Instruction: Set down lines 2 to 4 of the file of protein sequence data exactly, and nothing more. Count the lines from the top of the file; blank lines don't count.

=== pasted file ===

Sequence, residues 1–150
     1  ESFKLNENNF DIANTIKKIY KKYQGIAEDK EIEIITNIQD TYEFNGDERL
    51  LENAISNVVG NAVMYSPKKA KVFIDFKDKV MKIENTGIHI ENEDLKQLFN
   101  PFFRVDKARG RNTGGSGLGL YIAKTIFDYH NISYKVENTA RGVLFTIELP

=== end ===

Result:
     1  ESFKLNENNF DIANTIKKIY KKYQGIAEDK EIEIITNIQD TYEFNGDERL
    51  LENAISNVVG NAVMYSPKKA KVFIDFKDKV MKIENTGIHI ENEDLKQLFN
   101  PFFRVDKARG RNTGGSGLGL YIAKTIFDYH NISYKVENTA RGVLFTIELP